FALSE     TRUE         ncurses ignores $LINES and $COLUMNS, us-
                            es  operating  system  calls  to  obtain
     FALSE     FALSE        ncurses relies on the terminal  database
                            to determine size.

       The  putwin routine writes all data associated with window
       win into the file to which filep points.  This information
       can be later retrieved using the getwin function.

       The getwin routine reads window related data stored in the
       file by putwin.  The routine then creates and  initializes
       a new window using that data.  It returns a pointer to the
       new window.

       The delay_output routine inserts an ms  millisecond  pause
       in  output.   This  routine should not be used extensively
       because padding characters are  used  rather  than  a  CPU
       pause.   If  no  padding character is specified, this uses
       napms to perform the delay.

       The flushinp routine throws away any  typeahead  that  has
       been  typed  by  the user and has not yet been read by the


       Except for flushinp, routines that return an  integer  re-
       turn  ERR upon failure and OK (SVr4 specifies only "an in-
       teger value other than ERR") upon successful completion.

       Routines that return pointers return NULL on error.

       X/Open does not define any error conditions.  In this  im-

               returns  an error if the terminal was not initial-

          meta returns an error if the terminal was not  initial-

               returns  an  error  if the associated fwrite calls
               return an error.


       The XSI Curses standard, Issue  4  describes  these  func-
       tions.   It  states  that unctrl and wunctrl will return a
       null pointer if unsuccessful, but does not define any  er-
       ror conditions.  This implementation checks for three cas-

          o   the parameter is a 7-bit US-ASCII  code.   This  is
              the case that X/Open Curses documented.

          o   the  parameter  is in the range 128-159, i.e., a C1
              control code.  If use_legacy_coding has been called
              with  a  2 parameter, unctrl returns the parameter,
              i.e., a one-character string with the parameter  as
              the  first  character.  Otherwise, it returns "~@",
              "~A", etc., analogous to "^@", "^A", C0 controls.

              X/Open Curses does not document whether unctrl  can
              be  called before initializing curses.  This imple-
              mentation permits that, and returns the "~@", etc.,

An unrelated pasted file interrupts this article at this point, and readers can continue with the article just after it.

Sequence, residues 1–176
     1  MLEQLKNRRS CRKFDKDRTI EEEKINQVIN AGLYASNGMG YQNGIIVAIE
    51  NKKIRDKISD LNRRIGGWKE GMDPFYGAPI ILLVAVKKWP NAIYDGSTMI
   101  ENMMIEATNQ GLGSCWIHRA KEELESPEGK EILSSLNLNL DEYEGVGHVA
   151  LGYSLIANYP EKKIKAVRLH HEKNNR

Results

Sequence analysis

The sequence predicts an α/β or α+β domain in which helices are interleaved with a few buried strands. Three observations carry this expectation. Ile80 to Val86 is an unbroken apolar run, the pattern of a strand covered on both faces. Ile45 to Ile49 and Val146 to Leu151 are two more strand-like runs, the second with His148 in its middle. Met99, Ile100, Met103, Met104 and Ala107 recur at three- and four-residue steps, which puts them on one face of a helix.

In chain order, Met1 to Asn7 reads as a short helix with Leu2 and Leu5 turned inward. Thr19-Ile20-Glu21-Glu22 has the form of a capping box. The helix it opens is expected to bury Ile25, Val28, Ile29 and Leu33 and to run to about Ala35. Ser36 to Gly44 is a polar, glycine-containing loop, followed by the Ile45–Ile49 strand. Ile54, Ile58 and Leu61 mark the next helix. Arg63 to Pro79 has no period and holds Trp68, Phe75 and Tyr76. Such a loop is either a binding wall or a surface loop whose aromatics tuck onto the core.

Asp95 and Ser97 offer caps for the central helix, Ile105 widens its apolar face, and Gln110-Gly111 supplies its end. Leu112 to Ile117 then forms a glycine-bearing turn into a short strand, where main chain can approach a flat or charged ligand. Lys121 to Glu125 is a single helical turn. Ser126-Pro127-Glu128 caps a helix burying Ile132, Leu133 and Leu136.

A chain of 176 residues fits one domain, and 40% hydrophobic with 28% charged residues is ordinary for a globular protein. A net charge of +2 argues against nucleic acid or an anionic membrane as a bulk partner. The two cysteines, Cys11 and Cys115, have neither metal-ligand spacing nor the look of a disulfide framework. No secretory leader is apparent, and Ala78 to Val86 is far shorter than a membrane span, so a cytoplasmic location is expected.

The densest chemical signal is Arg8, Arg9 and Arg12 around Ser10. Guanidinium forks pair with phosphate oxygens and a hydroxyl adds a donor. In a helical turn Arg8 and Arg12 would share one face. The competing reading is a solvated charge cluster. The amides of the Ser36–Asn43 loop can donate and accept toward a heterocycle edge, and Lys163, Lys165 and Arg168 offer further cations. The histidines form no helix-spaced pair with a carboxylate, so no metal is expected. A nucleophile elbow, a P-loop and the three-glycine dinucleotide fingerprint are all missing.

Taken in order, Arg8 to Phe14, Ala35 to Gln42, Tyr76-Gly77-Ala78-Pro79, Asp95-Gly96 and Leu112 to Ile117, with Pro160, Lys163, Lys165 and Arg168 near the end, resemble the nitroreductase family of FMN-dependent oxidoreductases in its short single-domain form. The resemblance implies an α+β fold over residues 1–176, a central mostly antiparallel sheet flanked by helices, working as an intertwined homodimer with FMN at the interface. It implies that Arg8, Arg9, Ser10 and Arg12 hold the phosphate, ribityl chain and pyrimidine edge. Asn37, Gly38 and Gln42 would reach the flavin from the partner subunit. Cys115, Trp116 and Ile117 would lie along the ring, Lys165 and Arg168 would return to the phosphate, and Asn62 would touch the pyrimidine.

values in that case.

          o   parameter  values outside the 0 to 255 range.  unc-
              trl returns a null pointer.

       The SVr4 documentation describes the action of filter only
       in  the  vaguest  terms.   The description here is adapted
       from the XSI Curses standard (which erroneously  fails  to
       describe the disabling of cuu).

       The  strings returned by unctrl in this implementation are
       determined at compile time, showing C1 controls  from  the
       upper-128  codes with a `~' prefix rather than `^'.  Other
       implementations have different conventions.  For  example,
       they  may  show  both sets of control characters with `^',
       and strip the parameter to 7 bits.  Or they may ignore  C1
       controls  and  treat  all of the upper-128 codes as print-
       able.  This implementation uses 8 bits but does not modify
       the string to reflect locale.  The use_legacy_coding func-
       tion allows the caller to change the output of unctrl.

       Likewise, the meta function allows the  caller  to  change
       the  output of keyname, i.e., it determines whether to use
       the `M-' prefix for "meta" keys (codes in the range 128 to
       255).   Both use_legacy_coding and meta succeed only after
       curses is initialized.  X/Open Curses  does  not  document
       the  treatment of codes 128 to 159.  When treating them as
       "meta" keys (or if keyname is called  before  initializing
       curses),   this  implementation  returns  strings  "M-^@",
       "M-^A", etc.

       The keyname function may return the names of  user-defined
       string  capabilities which are defined in the terminfo en-
       try via the -x option of tic.  This  implementation  auto-
       matically  assigns  at  run-time  keycodes to user-defined
       strings which begin  with  "k".   The  keycodes  start  at
       KEY_MAX,  but  are not guaranteed to be the same value for
       different runs because user-defined codes are merged  from
       all  terminal  descriptions  which  have been loaded.  The
       use_extended_names function controls whether this data  is
       loaded  when  the  terminal description is read by the li-

       The nofilter  and  use_tioctl  routines  are  specific  to
       ncurses.   They  were  not  supported on Version 7, BSD or
       System V implementations.  It is recommended that any code
       depending  on  ncurses  extensions  be  conditioned  using


       legacy_coding(3x), curses(3x), curs_initscr(3x), curs_ker-
       nel(3x),   curs_scr_dump(3x),   curs_variables(3x),  lega-